Teasing Out the Genetic Links in Alcoholism

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The search for the genes underlying alcohol addiction continues, and a report to be published in Alcoholism: Clinical & Experimental Research gives more evidence for a cannabinoid receptor making a key difference. The study was released in preview (abstract here) for inclusion in the February, 2012 issue.

Cannabinoid receptors in the brain have been suspected as critical in many addictions. What this study shows is a link between certain forms of the receptor (from differences in DNA) and whether people will become alcohol dependent. The distinction is important. Those who abuse alcohol may not be addicted to it, even though they are frequent users. This work separated out two categories of subjects – those who are actually dependent on alcohol and those who simply abuse alcohol (both types are referred to commonly as alcoholics). In a sense, there are two different problems and we’d like to know the genetic basis for the difference.

At issue is the Cannabinoid receptor 1(CNR1). The name comes from historical research that found the active ingredient in marijuana bound to this location. Since then, it has been determined that the site isn’t specific to cannabinoid, but the name remains. Instead, it seems this receptor site is involved with other substances of abuse as well. The “site” is actually a protein, and this can come in many forms, depending on the gene sequence a particular individual is born with.

To get an idea of the complexity involved, the CNR1 gene comes in at least 10 different variants, and any particular person may have a mix of these (one type from their mother and one from their father). This study looked at three different haplotypes. A haplotype is a combination of genes that usually appears together. Still, this is just one gene among many that may be involved in alcoholism and addiction in general.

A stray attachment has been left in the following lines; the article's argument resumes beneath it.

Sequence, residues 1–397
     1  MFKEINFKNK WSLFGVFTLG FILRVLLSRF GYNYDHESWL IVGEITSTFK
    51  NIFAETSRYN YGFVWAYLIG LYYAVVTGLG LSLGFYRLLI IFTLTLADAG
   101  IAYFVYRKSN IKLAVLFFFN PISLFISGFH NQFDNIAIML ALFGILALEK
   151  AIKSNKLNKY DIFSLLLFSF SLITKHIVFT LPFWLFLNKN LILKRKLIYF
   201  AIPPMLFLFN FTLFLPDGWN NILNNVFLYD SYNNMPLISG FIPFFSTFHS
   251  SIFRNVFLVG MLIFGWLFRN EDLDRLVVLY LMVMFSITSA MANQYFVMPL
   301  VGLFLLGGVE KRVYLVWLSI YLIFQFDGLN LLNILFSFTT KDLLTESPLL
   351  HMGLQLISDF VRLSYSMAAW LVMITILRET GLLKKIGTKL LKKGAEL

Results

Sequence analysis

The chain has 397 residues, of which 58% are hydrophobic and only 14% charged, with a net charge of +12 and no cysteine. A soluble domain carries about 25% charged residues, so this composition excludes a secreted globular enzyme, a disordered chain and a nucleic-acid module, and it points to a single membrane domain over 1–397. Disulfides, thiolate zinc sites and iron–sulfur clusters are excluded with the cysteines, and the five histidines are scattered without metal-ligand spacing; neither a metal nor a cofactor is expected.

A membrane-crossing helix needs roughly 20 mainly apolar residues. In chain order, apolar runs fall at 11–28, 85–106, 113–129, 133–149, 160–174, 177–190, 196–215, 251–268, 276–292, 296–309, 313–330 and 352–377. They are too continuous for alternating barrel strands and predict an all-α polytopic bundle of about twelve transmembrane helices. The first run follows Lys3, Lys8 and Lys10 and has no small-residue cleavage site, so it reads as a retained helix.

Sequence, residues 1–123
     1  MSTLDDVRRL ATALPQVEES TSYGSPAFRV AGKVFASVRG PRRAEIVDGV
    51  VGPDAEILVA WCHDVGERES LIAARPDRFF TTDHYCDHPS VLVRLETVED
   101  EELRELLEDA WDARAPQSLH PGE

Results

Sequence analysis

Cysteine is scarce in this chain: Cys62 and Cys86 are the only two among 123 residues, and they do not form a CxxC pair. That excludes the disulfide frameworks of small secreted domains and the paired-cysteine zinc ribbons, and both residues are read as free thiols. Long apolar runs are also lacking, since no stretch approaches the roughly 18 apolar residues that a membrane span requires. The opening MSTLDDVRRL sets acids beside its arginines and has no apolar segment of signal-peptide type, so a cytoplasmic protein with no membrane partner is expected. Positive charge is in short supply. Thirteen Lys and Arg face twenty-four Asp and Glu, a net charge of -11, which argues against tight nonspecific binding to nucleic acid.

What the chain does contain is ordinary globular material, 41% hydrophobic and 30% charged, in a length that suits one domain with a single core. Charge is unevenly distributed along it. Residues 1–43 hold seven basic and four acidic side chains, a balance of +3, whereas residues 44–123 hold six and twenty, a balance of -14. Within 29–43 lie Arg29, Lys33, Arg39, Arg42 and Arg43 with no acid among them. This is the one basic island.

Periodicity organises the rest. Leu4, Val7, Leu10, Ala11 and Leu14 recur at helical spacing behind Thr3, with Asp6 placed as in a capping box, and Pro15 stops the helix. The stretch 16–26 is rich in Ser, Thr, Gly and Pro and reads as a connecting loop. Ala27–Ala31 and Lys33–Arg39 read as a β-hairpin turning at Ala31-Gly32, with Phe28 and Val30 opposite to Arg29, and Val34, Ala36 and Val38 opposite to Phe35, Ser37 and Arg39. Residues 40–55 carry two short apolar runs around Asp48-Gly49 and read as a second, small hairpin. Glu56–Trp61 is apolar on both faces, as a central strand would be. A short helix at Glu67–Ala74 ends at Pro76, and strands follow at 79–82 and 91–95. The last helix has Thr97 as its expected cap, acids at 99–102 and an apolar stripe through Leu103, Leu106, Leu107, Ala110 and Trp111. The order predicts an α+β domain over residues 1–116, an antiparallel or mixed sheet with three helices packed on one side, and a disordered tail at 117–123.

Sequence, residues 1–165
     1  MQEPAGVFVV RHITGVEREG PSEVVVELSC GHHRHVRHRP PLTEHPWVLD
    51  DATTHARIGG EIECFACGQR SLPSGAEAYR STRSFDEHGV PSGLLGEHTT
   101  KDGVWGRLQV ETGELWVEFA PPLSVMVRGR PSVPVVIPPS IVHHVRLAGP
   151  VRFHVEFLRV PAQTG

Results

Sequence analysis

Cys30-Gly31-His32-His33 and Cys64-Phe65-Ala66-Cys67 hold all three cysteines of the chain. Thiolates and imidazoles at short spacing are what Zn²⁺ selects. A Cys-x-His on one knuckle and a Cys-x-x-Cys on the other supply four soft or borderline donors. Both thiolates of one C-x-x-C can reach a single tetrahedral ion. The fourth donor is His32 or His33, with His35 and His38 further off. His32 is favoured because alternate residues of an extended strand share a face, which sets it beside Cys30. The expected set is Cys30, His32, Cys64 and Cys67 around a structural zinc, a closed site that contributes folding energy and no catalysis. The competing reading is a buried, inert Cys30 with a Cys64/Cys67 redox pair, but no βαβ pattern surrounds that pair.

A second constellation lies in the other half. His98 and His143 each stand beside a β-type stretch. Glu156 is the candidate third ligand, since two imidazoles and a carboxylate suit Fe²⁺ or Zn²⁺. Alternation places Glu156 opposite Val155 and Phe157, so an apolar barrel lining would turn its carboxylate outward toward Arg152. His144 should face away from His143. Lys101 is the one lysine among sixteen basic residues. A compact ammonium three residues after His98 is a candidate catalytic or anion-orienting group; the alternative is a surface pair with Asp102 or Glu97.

The work is significant because it did find that haplotypes seem to predict whether a patient would be diagnosed as dependent or an abuser – a first in alcoholism diagnosis. Further progress in this area might allow medical professionals to predict whether someone will be prone to alcoholism, perhaps allowing intervention even before they are exposed to their first drink. It also hardens the position of treating alcoholism as a disease. With the advent of cheap genetic testing, markers that can warn us, even in childhood, about dangerous possibilities are becoming more common. Even now, you can get your genome tested for $100 dollars from private gene testing companies. While they do not offer to test for this trait yet, they do test for a hundred others.

Identifying specific receptors also gives drug companies a target for medications. Along with testing, we can expect further advances from this type of research that will have real world applications.

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